Residents of small low-lying islands in the Philippines who experience regular flooding prefer to adopt local adaptation strategies rather than permanently relocate, according to research published online this week in Nature Climate Change. The study suggests that human adaptation responses must be considered when simulating potential effects of climate-change-induced sea-level rise, rather than assuming that people will migrate or that communities will become uninhabitable.
Ma. Laurice Jamero and colleagues conducted household surveys, focus group discussions with local leaders, and key informant interviews to learn how residents respond to persistent flooding on four islands that have been completely inundated during high tides since an earthquake in 2013. They find residents have implemented a range of local strategies to cope with tidal flooding, rather than migrating away from the islands. Although some of these strategies, such as building stilted houses, are effective, others, such as using coral stones to raise floors, leave the islands more vulnerable to flooding in the long term.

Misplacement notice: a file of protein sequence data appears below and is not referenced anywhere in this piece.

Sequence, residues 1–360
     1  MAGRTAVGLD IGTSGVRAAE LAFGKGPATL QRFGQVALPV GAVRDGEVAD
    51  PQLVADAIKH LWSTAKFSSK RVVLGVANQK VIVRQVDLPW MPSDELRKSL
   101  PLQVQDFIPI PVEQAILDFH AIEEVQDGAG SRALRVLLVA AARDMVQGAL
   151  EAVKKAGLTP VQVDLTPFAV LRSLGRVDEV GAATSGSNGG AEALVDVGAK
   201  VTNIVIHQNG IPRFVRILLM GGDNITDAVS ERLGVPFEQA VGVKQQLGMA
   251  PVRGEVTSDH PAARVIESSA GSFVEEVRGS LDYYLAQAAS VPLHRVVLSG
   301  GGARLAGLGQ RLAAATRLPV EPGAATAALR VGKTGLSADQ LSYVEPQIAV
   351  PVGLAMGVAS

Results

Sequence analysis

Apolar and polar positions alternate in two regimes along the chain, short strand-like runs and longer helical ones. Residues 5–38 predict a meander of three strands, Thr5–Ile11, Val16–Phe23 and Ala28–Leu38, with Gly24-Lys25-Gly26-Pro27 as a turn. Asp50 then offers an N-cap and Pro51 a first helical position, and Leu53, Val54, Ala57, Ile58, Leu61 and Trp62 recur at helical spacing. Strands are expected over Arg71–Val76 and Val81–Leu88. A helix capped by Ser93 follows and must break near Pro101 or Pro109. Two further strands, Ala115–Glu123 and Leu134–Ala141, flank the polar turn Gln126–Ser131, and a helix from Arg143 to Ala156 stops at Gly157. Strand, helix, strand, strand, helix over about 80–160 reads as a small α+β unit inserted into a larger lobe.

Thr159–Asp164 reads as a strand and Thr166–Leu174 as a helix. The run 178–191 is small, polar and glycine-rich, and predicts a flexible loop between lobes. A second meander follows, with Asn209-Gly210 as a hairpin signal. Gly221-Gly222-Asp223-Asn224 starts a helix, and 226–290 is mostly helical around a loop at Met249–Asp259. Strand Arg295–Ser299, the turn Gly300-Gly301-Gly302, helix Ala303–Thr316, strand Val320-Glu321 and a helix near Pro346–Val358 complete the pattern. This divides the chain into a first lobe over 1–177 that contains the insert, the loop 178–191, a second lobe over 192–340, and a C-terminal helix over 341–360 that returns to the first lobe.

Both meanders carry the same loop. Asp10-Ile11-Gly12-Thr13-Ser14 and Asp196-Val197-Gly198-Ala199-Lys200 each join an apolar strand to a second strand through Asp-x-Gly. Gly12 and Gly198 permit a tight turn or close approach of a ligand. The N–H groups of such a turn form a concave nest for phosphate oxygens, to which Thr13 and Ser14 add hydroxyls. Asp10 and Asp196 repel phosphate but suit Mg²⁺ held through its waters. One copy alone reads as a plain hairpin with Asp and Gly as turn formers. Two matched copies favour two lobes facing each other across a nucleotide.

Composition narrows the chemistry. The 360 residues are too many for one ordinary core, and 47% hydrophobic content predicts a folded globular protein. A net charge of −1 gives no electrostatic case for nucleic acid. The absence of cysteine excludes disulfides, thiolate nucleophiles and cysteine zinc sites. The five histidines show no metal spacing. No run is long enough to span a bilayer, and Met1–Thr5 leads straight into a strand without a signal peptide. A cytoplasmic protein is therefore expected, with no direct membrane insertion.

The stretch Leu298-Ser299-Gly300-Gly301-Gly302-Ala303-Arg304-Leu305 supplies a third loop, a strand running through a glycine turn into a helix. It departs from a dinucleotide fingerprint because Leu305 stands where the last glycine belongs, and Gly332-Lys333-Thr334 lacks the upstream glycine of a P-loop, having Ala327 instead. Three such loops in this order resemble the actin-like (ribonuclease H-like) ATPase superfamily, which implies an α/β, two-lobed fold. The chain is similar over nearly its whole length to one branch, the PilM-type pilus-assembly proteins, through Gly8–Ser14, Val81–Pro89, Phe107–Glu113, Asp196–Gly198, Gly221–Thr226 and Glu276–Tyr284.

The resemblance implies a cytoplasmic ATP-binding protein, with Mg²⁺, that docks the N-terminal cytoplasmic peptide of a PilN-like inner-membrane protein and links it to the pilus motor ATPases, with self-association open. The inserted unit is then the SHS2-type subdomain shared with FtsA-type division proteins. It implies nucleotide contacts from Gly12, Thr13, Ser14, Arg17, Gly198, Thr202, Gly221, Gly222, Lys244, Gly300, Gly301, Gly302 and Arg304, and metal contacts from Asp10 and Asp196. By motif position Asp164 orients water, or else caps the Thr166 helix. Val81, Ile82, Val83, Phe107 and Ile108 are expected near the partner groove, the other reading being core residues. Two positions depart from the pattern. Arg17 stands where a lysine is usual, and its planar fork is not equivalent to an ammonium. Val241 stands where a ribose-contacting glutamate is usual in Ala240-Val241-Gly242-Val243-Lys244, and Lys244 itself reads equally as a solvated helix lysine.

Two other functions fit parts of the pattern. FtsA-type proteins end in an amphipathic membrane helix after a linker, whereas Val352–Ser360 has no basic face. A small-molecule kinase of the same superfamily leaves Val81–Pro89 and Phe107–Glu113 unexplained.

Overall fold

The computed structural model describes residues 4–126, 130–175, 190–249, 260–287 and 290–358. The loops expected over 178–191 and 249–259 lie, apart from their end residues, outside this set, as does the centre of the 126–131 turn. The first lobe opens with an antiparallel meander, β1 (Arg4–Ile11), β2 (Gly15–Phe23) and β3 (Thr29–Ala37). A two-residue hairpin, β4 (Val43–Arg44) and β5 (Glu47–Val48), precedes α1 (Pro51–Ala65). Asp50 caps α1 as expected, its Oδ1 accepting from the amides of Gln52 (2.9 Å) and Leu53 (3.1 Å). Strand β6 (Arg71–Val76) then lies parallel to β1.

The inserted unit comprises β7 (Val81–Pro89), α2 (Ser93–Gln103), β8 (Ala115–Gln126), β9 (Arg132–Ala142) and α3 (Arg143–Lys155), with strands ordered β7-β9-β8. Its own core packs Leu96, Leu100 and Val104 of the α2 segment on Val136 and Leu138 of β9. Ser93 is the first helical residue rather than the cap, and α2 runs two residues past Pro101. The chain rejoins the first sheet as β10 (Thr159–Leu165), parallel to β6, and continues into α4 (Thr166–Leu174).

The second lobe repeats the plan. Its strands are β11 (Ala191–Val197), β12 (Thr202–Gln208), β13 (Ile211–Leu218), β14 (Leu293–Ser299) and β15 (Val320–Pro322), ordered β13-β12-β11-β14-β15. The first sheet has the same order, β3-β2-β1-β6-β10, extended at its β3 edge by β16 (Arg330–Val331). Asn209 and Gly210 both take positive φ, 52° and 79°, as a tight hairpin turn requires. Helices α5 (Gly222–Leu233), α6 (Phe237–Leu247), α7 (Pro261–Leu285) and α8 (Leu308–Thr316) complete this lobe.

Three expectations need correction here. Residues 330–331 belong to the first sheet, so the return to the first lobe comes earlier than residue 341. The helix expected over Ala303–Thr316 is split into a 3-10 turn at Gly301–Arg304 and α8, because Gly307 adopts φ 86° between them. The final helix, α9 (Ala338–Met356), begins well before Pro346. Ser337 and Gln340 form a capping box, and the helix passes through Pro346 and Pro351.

The authors suggest that most projections of the impact of sea-level rise on coastal areas assume people will migrate in large numbers. However, by studying real adaptation responses to sea-level change similar to that which will be experienced in the future due to climate change, they challenge these assumptions and highlight the importance of identifying environmentally sensitive adaptation strategies for areas likely to experience effects of sea-level rise.
In an accompanying News & Views article, Dominic Kniveton writes “There remains a tangible fear by many in policy circles that the impacts of future climate change will be so severe that mass displacement might still occur, particularly from small island states… By contrast, the paper by Ma. Laurice Jamero and colleagues provides a rare example of migration responses to real sea-level change, and is a cautionary note to governments who feel they need to resettle communities that they perceive as possibly being vulnerable to and trapped by climate change impacts.”